Brandt’s cormorants are marine birds found on the Pacific coastline of North America. During the breeding season, they have teal-blue eyes that starkly contrast with their black and dark green bodies, and I knew that if I could capture that, it would make for a great photo. On the Southern Californian coast near La Jolla, many cormorant nesting areas provide that opportunity with ease if you’re happy with a picture of a cormorant on the land. However, on this trip, I had loftier goals. I wanted the perfect behavioral flight shot.
Getting a photo of a cormorant in flight is one thing, but I had a much more specific image in mind. While the female cormorants incubate their eggs, their male partners head out to sea to feed and gather nesting material. Watching from the nesting areas, I often saw the males returning with beak fulls of green seaweed. This is the behavior I wanted to capture, and it’s a great example of why it is so important for wildlife photographers to study their subjects. I would not have gotten this shot if I had been completely oblivious to this behavior.
In this case, understanding the cormorant’s behavior was the first step. The second step was to make a detailed plan to capture this difficult shot. On previous days at this location, I sat and watched these birds coming and going from the nesting site, trying to figure out if they had a favored direction when returning from the ocean, as this would determine where I needed to stand to get the shot. To some extent, a bird’s flight path will always be dictated by wind direction, but terrain factors can come into play once they reach the wind-sheltered areas around nesting areas on the cliffs. Taking the time to watch them for an hour, when the light was poor for photography, was ultimately helpful in getting me to the right place at the right time.
The third piece of the puzzle was the light direction. I wanted to shoot in the morning when the sun was still relatively low in the sky, and I didn’t want the sun over my shoulder. Many bird photographers advocate shooting with the sun over your shoulder to avoid shadows. Still, the idea that this is the only way to photograph birds is a myth perpetuated by one particularly well-known photographer and has since filtered down through forums as if it is gospel. I don’t subscribe to it as the only way to shoot birds. In this instance, being slightly off the sun’s angle created more contrast in the bird’s teal-blue eye and more contrast in the seaweed package it was bringing home. This added contrast helps to direct the viewer’s eye immediately to the bird’s head.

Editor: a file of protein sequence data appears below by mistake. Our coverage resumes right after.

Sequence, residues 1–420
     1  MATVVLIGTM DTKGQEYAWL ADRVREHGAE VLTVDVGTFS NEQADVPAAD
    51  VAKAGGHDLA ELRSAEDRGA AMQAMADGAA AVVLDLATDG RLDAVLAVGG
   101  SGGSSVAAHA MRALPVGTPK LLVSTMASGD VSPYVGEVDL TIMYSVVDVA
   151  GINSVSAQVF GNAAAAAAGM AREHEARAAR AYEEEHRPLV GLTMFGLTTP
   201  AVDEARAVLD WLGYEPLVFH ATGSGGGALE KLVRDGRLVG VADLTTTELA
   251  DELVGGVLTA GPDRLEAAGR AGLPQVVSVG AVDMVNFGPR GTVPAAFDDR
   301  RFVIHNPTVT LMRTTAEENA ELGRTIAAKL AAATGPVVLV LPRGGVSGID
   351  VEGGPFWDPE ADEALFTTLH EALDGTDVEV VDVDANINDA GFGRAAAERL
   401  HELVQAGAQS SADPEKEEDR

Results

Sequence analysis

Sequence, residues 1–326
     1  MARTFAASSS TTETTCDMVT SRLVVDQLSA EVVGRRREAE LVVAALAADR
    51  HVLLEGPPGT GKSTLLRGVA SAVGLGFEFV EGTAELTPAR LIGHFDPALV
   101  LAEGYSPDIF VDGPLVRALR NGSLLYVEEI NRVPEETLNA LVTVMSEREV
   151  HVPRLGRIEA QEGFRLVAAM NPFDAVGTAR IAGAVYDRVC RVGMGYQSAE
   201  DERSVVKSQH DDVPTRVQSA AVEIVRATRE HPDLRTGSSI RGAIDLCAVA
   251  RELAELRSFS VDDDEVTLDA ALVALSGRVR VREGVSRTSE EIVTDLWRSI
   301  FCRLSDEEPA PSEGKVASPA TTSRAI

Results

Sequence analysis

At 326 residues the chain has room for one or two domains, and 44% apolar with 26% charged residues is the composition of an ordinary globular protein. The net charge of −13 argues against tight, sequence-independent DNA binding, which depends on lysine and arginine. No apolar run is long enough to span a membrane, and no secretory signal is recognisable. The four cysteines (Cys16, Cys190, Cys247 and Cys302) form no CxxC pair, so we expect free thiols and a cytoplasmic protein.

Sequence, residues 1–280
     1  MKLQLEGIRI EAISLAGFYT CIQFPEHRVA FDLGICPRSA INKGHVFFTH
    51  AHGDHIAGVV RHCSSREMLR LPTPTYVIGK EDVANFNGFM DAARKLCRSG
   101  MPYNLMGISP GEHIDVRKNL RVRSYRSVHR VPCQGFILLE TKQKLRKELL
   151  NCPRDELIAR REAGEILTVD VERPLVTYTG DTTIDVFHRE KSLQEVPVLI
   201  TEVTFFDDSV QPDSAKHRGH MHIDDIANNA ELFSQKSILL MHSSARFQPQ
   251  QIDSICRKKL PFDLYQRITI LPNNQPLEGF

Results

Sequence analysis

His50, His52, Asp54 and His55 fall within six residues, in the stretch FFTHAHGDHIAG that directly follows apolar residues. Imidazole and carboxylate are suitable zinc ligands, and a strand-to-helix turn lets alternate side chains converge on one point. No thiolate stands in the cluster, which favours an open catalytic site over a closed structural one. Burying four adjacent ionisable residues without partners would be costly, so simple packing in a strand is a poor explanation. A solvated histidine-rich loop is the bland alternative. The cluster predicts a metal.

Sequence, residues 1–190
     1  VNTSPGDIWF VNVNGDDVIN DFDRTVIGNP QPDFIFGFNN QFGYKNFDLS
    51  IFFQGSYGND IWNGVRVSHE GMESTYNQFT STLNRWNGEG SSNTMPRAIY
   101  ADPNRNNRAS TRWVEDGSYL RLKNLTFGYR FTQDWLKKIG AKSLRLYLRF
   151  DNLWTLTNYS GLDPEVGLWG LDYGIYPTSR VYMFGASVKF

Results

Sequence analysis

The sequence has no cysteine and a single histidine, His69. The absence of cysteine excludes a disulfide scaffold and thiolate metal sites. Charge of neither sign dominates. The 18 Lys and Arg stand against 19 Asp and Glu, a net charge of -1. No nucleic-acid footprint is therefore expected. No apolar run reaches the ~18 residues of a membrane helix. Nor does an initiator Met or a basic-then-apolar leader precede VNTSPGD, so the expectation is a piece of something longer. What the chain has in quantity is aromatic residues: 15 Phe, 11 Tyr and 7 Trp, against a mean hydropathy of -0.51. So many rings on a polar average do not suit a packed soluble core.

I chose the Nikon Z9 and the Nikon Z 800mm f/6.3 lens for this shot. While I wrote last week about some specific frustrations that bird photographers will have with the Z9, today’s post shows that it’s not all bad news and that the scenario I described was very specific. In this case, the camera performed beautifully by locking onto the cormorant’s eye, and the lens delivered a tack-sharp shot, again proving that the Z 800mm lens can produce stunning results. (see the previous Behind the Shot post for another example.)
Though I had done my location research and made a solid plan, another challenge awaited me. Cormorants fly around 35mph. If you saw a car driving at that speed from a distance, it wouldn’t look that fast, but to nearly fill the frame (this image is cropped by only a few pixels) with a medium-sized bird, you have to be within about ten feet of its flight path. Tracking anything that small, at that speed, and that distance with an 800mm lens is a real challenge. Luckily I was on day four of the trip and had been practicing every day for such an opportunity. These skills can go rusty, and it is usual to need a few hours to get back into the swing of things.
After two hours of waiting in my chosen location, I saw a few cormorants pass me at the proper distance, but none carried nesting material. I took photos of them to practice my swing and waited patiently with a good audiobook in my ears. Eventually, in the distance, I spotted the bird I wanted. It flew directly at the coast, aiming at a point some 50ft to my left. By this point, I knew from experience that it was simply taking the shortest route to get out of the wind, and once it reached the cliffs, it would turn and hug the coastline to skim right past me en route to its nest. I tracked the bird through my viewfinder long before I took the shot to help judge my panning speed at the critical moment.
As I often do when shooting wildlife, I used manual exposure with Auto ISO for this shot. I knew I would need my aperture wide open at f/6.3 to get a fast 1/5000 shutter speed while maintaining a manageably low ISO. Software like Topaz DeNoise AI can work wonders, but I still prefer to start from as clear a starting point as possible. Manual Exposure with Auto ISO allowed me to control my aperture and shutter speed while allowing the camera to determine the correct ISO for the scene.